Dear Ms. Madigan,
I think I’ve mentioned in the past here at Dear Author that I’m ambivalent leaning towards uninterested when it comes to mermaids in fiction. I can be persuaded otherwise, but it’s just not something I seek out. For that reason, I initially skipped past the offering for your book on NetGalley but then I saw mention of surfing. Girls who surf? That, I can get behind.
Fifteen-year-old Lena has spent practically her entire life watching the ocean. Her greatest dream, in fact, is to surf its waves. Unfortunately, ever since her father nearly died while riding the waves many years ago, not only has he never returned to the water, he has forbidden his daughter from doing the same.
When asking for surfing lessons as her sixteenth birthday present fails, Lena decides to take up on a prior offer and learn from her boyfriend’s older sister. And to her delight, Lena realizes she’s a natural at surfing. Maybe it’s genetic since her father was said to be an amazing surfer as well. All this is done, however, without her parents’ knowledge.
But while the surfing is going well, not much else is. Lena has been feeling an odd siren call towards the sea. Sometimes she wakes up in the middle of night to find herself standing on the beach with no recollection of how she got there. She also discovers that heights lead her to faint. Her relationship with her boyfriend, Kai, is very sweet but she’s not sure if her feelings have changed much since they went from friends to more. And then there are the brief glimpses of a silvery tail she’s seen among the waves. It might just be a fish or a seal but one day, she could have sworn she saw a human face.
While writing up this review, I realize that this book doesn’t have much meat to it. It’s a pleasant, even read, but lacks a certain amount of depth. I did like the conflict Lena had regarding what happened to her biological mother and how her father and stepmother kept the truth from her. It can be said they did it for her own good and were simply waiting until she was older, but I can also see it from Lena’s perspective, seeing as they deliberately misled her into thinking her mother was dead. I am sidestepping the details here to avoid outright spoilers even though I don’t think it’s that difficult to read between the lines. I figured out the truth the first time the mermaid made her appearance at the end of the prologue, and I doubt I’m alone in that.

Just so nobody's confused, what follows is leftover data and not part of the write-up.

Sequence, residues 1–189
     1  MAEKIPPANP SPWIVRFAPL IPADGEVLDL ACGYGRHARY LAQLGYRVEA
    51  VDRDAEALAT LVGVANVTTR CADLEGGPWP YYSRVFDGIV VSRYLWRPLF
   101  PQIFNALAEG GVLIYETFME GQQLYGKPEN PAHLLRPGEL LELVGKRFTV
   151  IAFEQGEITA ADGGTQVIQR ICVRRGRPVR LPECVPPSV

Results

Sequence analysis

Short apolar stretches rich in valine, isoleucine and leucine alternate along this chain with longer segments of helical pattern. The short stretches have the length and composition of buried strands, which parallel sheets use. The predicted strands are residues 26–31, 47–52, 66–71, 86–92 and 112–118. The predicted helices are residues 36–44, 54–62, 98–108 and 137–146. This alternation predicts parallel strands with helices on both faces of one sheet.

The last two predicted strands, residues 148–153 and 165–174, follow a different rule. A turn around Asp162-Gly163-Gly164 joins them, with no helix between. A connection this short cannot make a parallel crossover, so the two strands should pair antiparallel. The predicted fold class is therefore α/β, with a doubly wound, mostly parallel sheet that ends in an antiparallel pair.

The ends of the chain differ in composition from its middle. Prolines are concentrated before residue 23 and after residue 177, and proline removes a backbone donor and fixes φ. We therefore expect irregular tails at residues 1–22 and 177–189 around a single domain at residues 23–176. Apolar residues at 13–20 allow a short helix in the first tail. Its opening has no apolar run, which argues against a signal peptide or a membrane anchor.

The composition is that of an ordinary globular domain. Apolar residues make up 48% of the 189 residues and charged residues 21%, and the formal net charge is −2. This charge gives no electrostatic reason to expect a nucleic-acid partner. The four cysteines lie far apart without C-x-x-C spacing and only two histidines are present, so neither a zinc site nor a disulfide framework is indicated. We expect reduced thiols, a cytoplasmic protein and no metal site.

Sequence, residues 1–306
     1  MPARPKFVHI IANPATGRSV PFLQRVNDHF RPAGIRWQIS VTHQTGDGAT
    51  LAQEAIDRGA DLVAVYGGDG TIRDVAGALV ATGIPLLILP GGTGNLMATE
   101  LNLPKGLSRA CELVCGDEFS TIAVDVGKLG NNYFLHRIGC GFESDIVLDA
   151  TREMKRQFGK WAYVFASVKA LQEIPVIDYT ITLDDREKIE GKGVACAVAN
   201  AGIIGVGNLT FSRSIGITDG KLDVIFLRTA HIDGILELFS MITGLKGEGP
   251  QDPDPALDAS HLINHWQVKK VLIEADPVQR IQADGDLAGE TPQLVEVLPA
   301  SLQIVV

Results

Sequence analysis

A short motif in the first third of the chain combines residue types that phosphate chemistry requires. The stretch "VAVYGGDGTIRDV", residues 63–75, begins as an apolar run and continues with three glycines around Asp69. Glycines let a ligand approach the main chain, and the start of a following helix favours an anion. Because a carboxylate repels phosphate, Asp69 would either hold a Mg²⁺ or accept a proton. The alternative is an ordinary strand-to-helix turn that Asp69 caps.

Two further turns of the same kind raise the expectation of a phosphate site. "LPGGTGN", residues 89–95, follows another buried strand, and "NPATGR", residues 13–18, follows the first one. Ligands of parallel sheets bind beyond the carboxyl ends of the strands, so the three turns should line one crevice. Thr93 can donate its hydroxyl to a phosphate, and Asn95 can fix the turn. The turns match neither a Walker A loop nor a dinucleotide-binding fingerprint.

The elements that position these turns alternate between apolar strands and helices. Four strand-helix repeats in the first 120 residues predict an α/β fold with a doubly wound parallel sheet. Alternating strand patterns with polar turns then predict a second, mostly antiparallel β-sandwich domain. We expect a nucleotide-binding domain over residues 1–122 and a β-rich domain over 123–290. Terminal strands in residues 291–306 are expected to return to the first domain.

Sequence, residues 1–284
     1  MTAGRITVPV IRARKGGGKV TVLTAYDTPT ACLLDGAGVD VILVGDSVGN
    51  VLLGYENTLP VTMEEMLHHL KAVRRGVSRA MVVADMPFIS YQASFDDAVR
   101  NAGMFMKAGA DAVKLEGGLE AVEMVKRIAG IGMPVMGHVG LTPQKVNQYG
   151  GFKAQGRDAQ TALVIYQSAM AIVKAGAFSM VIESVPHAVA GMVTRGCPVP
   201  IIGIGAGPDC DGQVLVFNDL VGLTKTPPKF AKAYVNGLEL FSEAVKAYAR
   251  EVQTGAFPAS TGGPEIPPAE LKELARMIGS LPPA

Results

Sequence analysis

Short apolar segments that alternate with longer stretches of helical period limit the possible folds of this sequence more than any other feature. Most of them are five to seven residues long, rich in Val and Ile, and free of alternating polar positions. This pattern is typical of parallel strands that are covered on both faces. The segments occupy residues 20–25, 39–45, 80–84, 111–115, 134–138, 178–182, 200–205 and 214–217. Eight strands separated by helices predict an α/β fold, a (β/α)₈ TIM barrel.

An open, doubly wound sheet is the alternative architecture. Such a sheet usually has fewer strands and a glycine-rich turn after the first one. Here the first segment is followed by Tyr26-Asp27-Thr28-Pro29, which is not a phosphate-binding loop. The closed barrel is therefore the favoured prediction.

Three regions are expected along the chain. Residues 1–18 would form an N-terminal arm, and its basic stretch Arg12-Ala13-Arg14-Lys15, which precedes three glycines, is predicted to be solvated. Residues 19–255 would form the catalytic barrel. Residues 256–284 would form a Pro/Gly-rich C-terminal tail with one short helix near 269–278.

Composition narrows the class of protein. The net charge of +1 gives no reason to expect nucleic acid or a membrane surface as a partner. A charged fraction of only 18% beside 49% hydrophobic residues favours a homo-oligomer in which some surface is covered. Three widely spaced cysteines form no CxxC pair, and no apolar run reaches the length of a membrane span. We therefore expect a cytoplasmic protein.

I wish we could have seen more of Lena’s relationships with her friends and boyfriend. I understood that Lena was not very confident of her feelings for Kai, that they progressed to being boyfriend and girlfriend because it seemed natural, but not because of any shift in feelings on her part. While friends to lovers is a favorite trope of mine and seeing it fail here was kind of a bummer, I did think it was realistic because I do think this happens a lot too.
My main complaint has more to do with Lena’s friendship with Pem. I understood that the balance of friendship between Lena, Kai, and Pem was disrupted when Lena and Kai started going out, making Pem jealous, and I liked that quite a bit because it is a realistic concept. However, we didn’t see a lot of her resentment. It’s told to us and that tends to leave less of an impact. I’m not sure if we’re supposed to see Pem hooking up with the college guy and not telling Lena (she catches them making out in the guy’s car in a parking lot) as an extension of that but the emotional resonance was never emphasized here.
The section of the book in which Lena goes to the mermaid village was a sudden shift for me. Maybe it was necessary to explore the past and her mother’s history, but after the realism of the rest of the book, it was strange turn of events. That might have been deliberate — to be more dreamlike, but I’m not convinced it succeeded.
One aspect that really disappointed me was the romance with one of the mermen. What was up with how that ended? While the resolution to the question Lena and Kai made sense to me, I will confess that how that subplot turned out was quite dissatisfying.
I do wish there’d be more surfing and less time focused on mermaids. I realize with a title like The Mermaid’s Mirror that this is a tall order, but it’s refreshing to see female characters in active sports, particularly in YA, that I was left hungering for more. I also admit that the way surfing came so naturally to Lena was a bit disappointing. It made sense in the book’s context but still, it wasn’t very exciting.
And that sums up my reaction to this book. It’s a fine read but not much about it is very exciting. In many ways, it’s very predictable and while that can be okay because sometimes readers do need predictable stories, there was a noticeable lack of depth and subtlety to set it apart. C-